“I restore myself when I’m alone.” Marilyn Monroe
Covid has forced aloneness. Ironic: as a writer, time alone was that longed-for commodity. Apparently like everything else it’s a double-edged sword. Now I want company. Beer and nachos with my college roommate. An overnight to exchange ideas with my women writer friends. A road trip to visit people I haven’t seen in way too long.
But I isolate here at home with my husband John. He’s a visual artist, so he leaves almost daily to go to his studio and work. I have plenty of time to write, to read, to do research, to think. Self-care, other-care: how to maintain both while the level of anxiety beneath the surface bubbles and brews, ever present.
Like so many people we’ve made efforts to restore our home, to make it more embracing as we spend countless hours here. A few months ago we replaced the roof. The red is inviting, we think. Now, this week, a crew of basement restorers are here shoring up the concrete wall that was cracking, inserting a pump to drain moisture out of that space so it won’t flood any more. I’m planning the spring plantings for the yard. Yesterday I cut honeysuckle vines out of the apple tree at the back fence and put suet feeders out for the Eastern bluebirds. Watching the birds come to the feeders in the morning gives me a lift. A few days above fifty degrees has given me renewed energy and optimism.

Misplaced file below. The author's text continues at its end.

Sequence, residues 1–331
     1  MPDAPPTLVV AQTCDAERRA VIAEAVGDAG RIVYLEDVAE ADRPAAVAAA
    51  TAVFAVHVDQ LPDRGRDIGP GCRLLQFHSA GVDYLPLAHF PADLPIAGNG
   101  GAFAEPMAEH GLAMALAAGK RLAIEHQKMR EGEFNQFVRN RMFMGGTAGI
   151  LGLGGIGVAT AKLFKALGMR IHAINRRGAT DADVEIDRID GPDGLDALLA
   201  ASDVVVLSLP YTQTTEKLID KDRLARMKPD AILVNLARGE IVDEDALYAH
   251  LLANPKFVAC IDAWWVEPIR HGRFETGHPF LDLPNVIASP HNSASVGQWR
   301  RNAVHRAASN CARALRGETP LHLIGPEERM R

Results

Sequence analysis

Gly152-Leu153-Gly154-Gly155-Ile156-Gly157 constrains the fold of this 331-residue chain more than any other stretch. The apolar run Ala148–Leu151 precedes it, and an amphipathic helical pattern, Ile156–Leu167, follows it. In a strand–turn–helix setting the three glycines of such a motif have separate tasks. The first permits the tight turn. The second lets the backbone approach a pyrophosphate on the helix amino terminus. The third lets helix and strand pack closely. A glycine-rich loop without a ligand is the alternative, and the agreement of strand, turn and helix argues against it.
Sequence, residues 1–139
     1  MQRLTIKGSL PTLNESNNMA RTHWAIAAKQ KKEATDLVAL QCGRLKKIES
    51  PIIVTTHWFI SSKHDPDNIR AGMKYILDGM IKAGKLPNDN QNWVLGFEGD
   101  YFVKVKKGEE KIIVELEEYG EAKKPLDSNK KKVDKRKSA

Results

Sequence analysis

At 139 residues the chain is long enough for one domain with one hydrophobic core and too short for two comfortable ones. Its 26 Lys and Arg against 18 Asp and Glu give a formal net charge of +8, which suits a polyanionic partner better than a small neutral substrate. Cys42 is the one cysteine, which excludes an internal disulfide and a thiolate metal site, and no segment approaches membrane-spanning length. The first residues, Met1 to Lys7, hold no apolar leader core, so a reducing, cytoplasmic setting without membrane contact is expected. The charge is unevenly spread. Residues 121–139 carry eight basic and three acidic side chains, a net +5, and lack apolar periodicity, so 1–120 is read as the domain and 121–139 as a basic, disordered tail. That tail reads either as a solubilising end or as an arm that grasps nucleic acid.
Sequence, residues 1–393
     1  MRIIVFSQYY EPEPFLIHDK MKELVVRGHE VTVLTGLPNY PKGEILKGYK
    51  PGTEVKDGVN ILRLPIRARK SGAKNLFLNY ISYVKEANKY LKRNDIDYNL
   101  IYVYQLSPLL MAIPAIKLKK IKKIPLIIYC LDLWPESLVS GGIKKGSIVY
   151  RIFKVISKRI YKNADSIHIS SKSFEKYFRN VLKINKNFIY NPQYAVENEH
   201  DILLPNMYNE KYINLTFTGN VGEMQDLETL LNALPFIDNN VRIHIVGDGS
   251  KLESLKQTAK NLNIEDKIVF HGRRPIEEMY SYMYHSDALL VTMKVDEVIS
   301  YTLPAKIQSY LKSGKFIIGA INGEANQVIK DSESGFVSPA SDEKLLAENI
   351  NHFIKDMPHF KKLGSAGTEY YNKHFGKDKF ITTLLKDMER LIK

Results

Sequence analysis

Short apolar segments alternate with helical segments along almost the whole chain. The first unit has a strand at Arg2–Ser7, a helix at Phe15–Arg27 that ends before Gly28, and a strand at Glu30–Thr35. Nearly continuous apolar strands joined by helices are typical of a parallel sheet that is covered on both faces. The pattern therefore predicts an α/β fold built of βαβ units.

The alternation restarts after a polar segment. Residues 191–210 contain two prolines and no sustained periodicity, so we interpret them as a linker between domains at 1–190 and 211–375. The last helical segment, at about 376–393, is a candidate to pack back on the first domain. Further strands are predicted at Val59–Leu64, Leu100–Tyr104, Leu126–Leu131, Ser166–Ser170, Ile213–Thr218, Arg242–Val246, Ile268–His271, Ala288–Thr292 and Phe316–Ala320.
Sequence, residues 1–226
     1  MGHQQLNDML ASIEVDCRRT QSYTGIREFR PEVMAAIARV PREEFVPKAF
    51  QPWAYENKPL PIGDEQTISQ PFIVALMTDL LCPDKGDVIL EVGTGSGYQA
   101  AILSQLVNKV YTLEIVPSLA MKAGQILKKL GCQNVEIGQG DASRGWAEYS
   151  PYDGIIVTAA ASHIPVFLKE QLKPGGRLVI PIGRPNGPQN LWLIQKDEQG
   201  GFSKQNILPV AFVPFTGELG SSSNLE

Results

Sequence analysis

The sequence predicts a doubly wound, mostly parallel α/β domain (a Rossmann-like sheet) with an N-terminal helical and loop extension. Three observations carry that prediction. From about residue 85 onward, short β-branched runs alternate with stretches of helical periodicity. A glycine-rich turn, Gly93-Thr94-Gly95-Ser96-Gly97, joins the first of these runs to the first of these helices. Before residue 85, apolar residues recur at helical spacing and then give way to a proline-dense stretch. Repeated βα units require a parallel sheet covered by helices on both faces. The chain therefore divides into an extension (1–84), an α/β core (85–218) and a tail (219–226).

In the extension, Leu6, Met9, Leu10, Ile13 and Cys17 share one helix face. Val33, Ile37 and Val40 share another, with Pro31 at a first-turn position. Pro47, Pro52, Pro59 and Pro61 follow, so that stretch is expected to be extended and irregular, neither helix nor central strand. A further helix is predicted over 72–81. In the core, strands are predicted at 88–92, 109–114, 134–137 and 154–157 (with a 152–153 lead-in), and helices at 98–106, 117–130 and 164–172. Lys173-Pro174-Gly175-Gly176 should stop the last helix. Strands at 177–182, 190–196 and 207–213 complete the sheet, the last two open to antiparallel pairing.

Last year I did considerable research on the life of Marilyn Monroe, the elusive Norma Jean. One thing I learned: she wrote poetry. She actually exchanged work and was friends with Norman Rosten and she knew Carl Sandburg. Like so many public personalities Marilyn’s media image was a fabrication, that disconnect between the external woman people thought they knew and the complicated interior woman. She wanted to be famous and beloved, certainly. But she wanted to be taken seriously, too, for her thoughts and aspirations. She married Arthur Miller, hoping to nourish a life of the mind. She studied with Lee Strasberg, trying to deepen her acting skills.
Life is too short. Time is what we’ve given, that’s it. Each of us finds ways to restore ourselves or we wither, like fruit left on the tree.
What will restore us after covid, I wonder. Spring is on its way. I am so grateful that we’ll have time at the beach in Kill Devil Hills, to celebrate our anniversary, returning to the same spot I’ve visited for over fifty years. And we’ll open our cabin in the mountains in Bath County. The birds are flocking to the feeders here at home. I know how lucky I am to have these spots to turn to for renewal and restoration.